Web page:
Diabetes is a condition that affects the way the body uses energy. More than 29 million Americans are affected by diabetes and close to one-quarter of these individuals do not know they have the disease. An additional 86.1 million Americans have pre-diabetes. Many people believe they can prevent or control these disease by taking various dietary supplements, but that may not be the case.
A wide variety of supplements may claim to reduce your risk of developing diabetes, help you better manage the disease or prevent it all together. Some of these supplements include chromium, herbal supplements, Chinese herbal medicines, bitter melon, milk thistle, aloe vera, magnesium and vitamin D. Thus far, numerous studies in this area have been inclusive on the effects of these supplements on diabetes; and further research is needed.
Taking these medications to try to control or prevent diabetes may actually do more harm than good. Some herbal supplements can interact with medications you are taking and produce undesirable results. Some dietary supplements could present serious side effects.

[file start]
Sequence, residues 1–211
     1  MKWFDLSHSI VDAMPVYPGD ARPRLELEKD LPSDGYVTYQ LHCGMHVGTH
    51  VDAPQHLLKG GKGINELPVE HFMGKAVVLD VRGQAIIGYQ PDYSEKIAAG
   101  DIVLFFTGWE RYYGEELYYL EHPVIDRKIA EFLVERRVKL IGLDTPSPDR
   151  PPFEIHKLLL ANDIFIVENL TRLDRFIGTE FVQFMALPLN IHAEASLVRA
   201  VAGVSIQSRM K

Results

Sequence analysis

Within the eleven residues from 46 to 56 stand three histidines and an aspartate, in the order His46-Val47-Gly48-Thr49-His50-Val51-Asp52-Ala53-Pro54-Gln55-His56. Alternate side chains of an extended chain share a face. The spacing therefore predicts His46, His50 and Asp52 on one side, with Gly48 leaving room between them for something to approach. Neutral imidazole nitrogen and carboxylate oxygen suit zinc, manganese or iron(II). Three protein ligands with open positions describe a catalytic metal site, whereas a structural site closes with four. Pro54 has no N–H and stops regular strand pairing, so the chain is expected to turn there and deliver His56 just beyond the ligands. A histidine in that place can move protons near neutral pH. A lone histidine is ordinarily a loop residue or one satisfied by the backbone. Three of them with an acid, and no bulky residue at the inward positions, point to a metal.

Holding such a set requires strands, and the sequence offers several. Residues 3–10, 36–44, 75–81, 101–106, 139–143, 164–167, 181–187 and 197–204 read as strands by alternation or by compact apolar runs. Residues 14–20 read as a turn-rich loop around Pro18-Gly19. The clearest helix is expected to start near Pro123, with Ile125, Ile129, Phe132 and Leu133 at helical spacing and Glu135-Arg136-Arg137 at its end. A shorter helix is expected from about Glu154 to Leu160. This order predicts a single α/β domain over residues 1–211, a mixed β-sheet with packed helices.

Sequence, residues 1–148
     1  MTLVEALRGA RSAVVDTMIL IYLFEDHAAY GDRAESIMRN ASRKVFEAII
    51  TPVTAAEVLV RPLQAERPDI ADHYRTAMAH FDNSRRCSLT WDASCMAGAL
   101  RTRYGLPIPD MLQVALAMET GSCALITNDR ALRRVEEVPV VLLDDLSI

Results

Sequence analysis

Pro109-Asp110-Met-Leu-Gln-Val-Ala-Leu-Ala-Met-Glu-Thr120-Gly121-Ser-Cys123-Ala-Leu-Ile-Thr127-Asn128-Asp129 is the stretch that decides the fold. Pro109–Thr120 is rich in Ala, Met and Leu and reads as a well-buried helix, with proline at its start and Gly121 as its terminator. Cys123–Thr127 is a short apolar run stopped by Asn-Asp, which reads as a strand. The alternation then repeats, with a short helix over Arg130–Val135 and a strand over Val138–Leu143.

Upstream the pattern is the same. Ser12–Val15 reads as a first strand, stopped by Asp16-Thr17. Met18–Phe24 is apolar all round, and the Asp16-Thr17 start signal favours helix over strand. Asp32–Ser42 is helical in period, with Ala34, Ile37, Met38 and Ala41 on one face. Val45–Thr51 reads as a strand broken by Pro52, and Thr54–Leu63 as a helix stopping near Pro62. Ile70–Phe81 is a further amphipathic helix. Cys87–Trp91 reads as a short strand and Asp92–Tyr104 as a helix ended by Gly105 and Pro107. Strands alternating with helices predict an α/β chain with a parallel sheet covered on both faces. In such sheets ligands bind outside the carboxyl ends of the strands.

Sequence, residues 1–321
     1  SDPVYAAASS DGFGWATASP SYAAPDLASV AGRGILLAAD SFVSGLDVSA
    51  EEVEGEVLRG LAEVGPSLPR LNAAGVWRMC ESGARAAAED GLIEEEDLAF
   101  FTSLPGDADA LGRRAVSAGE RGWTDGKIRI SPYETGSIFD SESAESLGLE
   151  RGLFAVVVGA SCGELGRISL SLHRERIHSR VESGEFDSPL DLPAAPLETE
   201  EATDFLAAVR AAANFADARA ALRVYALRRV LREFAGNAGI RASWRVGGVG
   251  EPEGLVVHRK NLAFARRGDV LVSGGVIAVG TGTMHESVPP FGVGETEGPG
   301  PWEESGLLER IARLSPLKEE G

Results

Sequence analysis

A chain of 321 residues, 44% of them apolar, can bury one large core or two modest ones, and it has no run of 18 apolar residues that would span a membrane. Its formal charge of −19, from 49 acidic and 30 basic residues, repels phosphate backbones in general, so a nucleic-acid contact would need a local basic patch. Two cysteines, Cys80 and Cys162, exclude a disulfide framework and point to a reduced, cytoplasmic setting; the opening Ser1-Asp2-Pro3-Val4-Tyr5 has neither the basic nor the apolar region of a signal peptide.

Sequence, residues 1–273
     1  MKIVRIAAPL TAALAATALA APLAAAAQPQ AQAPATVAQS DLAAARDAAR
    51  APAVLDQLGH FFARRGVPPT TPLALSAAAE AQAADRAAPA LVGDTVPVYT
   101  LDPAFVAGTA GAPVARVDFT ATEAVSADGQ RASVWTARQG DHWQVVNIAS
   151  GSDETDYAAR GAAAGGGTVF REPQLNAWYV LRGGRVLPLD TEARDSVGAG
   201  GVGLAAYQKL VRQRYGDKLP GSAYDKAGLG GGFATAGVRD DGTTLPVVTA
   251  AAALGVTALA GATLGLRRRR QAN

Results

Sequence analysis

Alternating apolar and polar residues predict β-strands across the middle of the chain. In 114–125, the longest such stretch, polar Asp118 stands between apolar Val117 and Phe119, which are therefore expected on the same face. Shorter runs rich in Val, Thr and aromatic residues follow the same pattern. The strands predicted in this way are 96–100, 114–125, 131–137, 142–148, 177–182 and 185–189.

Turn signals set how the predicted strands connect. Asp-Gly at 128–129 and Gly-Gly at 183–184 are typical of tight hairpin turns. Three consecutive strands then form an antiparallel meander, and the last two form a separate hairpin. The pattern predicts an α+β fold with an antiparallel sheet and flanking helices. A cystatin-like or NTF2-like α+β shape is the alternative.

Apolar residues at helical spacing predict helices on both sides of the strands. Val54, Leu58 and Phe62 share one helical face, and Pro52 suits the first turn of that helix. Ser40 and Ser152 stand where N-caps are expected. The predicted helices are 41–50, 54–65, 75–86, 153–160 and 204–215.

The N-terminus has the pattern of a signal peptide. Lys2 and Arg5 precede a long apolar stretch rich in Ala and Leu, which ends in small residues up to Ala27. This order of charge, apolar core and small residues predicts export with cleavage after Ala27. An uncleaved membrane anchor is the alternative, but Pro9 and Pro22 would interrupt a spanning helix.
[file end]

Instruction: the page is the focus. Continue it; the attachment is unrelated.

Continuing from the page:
If you have diabetes, it is important for you to check with your health care provider before taking dietary supplements.
It is helpful to know there a way to manage diabetes or reduce your risk of developing the disease. There is strong evidence that eating a healthy diet; and engaging in physical activity, monitoring blood glucose and taking medicines as prescribed by a doctor is the solution for managing and reducing the risk of diabetes. Many of the dietary supplements that people take to reduce the risk of or manage their diabetes can be found in eating a well-balanced diet with the right amount of whole grain foods, vegetables, fruits, low-fat or fat-free milk and milk products, lean cuts of meat, fish or poultry and beans each day – and by paying attention to portion sizes.
More information on healthy living is available at the Whitley County Cooperative Extension Service. Call 549-1430; e-mail DL_CES_WHITLEY@EMAIL.UKY.EDU; or visit the office located at 4275 N. Highway 25W in Goldbug.